When the last member of the Barradj Clan died about 20 years ago she bequeathed her traditional lands to Dean Yibarbuk, who she regarded as her closest blood relative since they had a grandmother in common. Dean, the older guy with dreadlocks, is a senior ranger and expert in indigenous knowledge whose own father’s country is in lowland country on the Liverpool River floodplains. Early in 2014 Dean brought his family and some of Warddeken’s rangers on an expedition to survey some of the rock art sites in the country for which he now has management responsibility. From the ranger base at Kabulwarnamyo the survey party was choppered into the Kunbambuk location and spent five days finding and recording rock art. Some 21 separate sites were found, with more than 300 separate images recorded. The pictures ranged in age from the oldest styles of more than 20,000 years BP to the post contact era. Only one post contact era painting was found and we concluded that this marked a time when the bands on Barradj country went down to lowlands where feral buffalo had spread widely. From the late nineteenth century into the 20th century rugged Europeans and local Aboriginal people worked together shooting buffalo and preparing their hides for sale. The plateau country is beautiful country but not bountiful in easily hunted meat. The single post-contact image at the top here is a picture of the hind leg of a buffalo, showing the meat and bones and at left the cloven hoof. Dean and I concluded that people who had been down amongst the buffalo camps brought news of the readily available red meat back to the Barradj band at Kunbambuk. To make their point they drew this lifesize representation of just one leg from a buffalo. It seems that after this image was painted people gathered their possessions and went down to the buffalo camps. This probably happened early in the 20th century. People worked in the buffalo industry and were often paid with tobacco and soon developed nicotine addiction. Elders say that it was addiction to tobacco and ready availability of a variety of other trade goods that caused depopulation of the plateau. Since about 1970 people have been coming back to resettle the plateau. In the lower pictures Dean and young ranger Gavin Phillips have raked flammable grasses and leaves away from the painted shelters and have burned off. If left unburned, spinifex and other materials can accumulate and then a fire ignited by lightning can do serious damage to the paintings.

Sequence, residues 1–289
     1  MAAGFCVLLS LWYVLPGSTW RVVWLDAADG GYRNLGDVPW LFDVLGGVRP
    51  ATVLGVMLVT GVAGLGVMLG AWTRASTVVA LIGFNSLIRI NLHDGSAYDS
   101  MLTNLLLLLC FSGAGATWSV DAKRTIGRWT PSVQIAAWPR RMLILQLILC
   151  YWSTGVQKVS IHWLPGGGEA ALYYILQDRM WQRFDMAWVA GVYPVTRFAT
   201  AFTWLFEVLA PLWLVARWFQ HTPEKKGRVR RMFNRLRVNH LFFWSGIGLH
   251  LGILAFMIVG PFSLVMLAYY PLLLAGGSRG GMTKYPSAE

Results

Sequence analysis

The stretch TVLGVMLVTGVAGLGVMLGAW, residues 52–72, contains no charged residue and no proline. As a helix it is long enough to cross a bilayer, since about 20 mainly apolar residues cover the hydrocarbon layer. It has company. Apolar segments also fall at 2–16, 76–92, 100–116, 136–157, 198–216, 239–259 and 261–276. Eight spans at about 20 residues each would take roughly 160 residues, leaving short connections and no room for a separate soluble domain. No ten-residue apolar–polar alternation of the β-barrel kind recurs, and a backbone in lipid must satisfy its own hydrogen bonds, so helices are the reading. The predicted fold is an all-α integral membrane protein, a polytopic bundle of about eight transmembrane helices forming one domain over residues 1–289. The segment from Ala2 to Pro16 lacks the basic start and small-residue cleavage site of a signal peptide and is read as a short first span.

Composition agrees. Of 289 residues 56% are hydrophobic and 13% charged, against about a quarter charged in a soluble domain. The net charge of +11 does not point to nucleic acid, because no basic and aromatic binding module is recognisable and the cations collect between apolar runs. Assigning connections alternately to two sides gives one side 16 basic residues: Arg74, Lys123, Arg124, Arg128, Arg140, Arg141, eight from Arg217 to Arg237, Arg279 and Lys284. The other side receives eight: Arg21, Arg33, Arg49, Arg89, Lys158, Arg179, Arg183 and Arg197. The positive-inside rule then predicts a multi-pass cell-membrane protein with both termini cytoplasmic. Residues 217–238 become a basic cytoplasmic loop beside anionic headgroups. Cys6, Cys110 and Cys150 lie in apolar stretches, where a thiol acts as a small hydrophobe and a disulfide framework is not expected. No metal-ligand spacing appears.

The Whistling Kite (Haliaster splenurus) is another raptor that is found in all Australian states. It’s also found in Papua New Guinea and Vanuata. As the name suggests it has a distinctive shrill whistling call. The slightly untidy bird in the lower picture is a juvenile, I believe. The Whistling Kite is a common bird of the Western Arnhem Land Plateau where it is known as Marram.

The White-Bellied Sea Eagle (Haliaeetus leucogaster) is a magnificent bird found in all states of Australia and also in India, Papua New Guinea, parts of Asia and the Solomon Islands. It is often seen soaring in majestic circles but when it sights potential prey it can quickly switch to power dive mode. Those powerful talons easily lift medium sized fish or waterbirds from the water. It spans up to 2m, with females a little larger. Not quite as big as the Wedge-tailed Eagle. In Kakadu National Park and on the Western Arnhem Land Plateau it is known as Marrawuddi.